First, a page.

It does not include higher-than-budgeted outgo on food and oil subsidies
In what may be interpreted as definite indications of intense pressure on the fiscal front, official data on Friday revealed that the government has exceeded almost two-thirds of the budgeted fiscal deficit target set for 2013-14 in a span of just four months.
As per the data, the Centre’s fiscal deficit during the April-July period in the current financial year has already peaked at Rs.3.40 lakh crore, which works out to 62.8 per cent of the budget estimate (BE) for the entire fiscal.
The pressure can be gauged from the fact that in the same four-month period of 2012-13, the fiscal deficit was much lower at 51.51 per cent of the budget estimate.
What is of greater concern is that the fiscal deficit for the April-July period this year does not take into account a higher-than-budgeted outgo on food and oil subsidies, especially when taking into consideration the huge depreciation in the value of the rupee against the U.S. dollar.
In specific terms, while the government has budgeted for Rs.90,000 crore as food subsidy for the current fiscal year, the actual outgo is likely to be close to Rs.1.13 lakh crore following implementation of the food security legislation.
On oil front
Likewise, against a provision of Rs.20,000 crore as subsidy on the oil front, the actual spending is expected to be much higher on fuels such as diesel and domestic cooking gas unless the government decides on at least a partial pass-through to the consumer.
Net tax receipts
As per the data, the net tax receipts for the first-four months of 2013-14 added up to Rs.1.45 lakh crore while government’s total spending amounted to Rs.5.21 lakh crore.
However, having brought down the fiscal deficit to 4.9 per cent in 2012-13 from a high of 5.8 per cent in the previous fiscal, Finance Minister P. Chidambaram has asserted time and again that the fiscal deficit target of 4.8 per cent of the GDP (gross domestic product) set for 2013-14 will not be breached under any circumstances.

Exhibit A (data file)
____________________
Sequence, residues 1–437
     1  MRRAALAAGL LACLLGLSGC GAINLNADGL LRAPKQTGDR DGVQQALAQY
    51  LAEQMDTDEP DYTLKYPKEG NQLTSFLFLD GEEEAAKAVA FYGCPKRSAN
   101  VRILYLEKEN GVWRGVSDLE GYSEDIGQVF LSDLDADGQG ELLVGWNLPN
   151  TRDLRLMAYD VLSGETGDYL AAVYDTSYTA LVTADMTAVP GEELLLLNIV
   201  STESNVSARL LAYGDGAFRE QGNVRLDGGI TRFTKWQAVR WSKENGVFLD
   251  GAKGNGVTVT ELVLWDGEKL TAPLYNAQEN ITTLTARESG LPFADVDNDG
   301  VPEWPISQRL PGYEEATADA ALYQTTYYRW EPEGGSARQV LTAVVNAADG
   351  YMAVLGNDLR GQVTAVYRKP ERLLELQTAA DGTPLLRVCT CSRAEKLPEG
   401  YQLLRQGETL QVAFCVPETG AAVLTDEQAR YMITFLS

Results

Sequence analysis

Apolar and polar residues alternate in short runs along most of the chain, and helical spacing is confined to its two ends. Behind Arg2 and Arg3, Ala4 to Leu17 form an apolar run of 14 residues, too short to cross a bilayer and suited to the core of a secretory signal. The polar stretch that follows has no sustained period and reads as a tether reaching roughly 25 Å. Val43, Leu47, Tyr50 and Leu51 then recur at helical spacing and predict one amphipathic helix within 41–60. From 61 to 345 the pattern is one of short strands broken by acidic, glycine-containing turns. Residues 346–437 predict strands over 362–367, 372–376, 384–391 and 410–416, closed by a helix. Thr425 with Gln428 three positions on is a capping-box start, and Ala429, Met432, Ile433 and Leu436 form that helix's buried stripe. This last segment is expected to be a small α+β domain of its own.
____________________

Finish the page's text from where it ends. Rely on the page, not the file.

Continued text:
In effect, there is likely to be further compression in Plan expenditure unless revenue realisations are on the upswing following an economic recovery during the remaining months of the current fiscal.
Echoing Mr. Chidambaram’s commitment in his statement on the sate of the economy in Parliament earlier during the day, Prime Minister Manmohan Singh said: “The government will do whatever is necessary to contain the fiscal deficit to 4.8 per cent of GDP this year. The most growth-friendly way to contain the deficit is to spend carefully, especially on subsidies that do not reach the poor, and we will take effective steps to that end…”
The government’s accounting data showed that while the revenue deficit during April-July 2013 rose to Rs.2.77 lakh crore — which is 73 per cent of the budget estimate as compared to 61.3 per cent in the like period of 2012 — it was mainly due to lower revenue collection which slowed down to 16.7 per cent of the budget estimate (Rs 1.76 lakh crore) as compared to 18 per cent in the previous fiscal.
Alongside, while total receipts stood at 16.1 per cent of the budgeted estimate during the four months this fiscal as compared to 17.7 per cent in 2012-13, the total expenditure was higher at 31.3 per cent of the estimate as against 29.3 per cent a year earlier.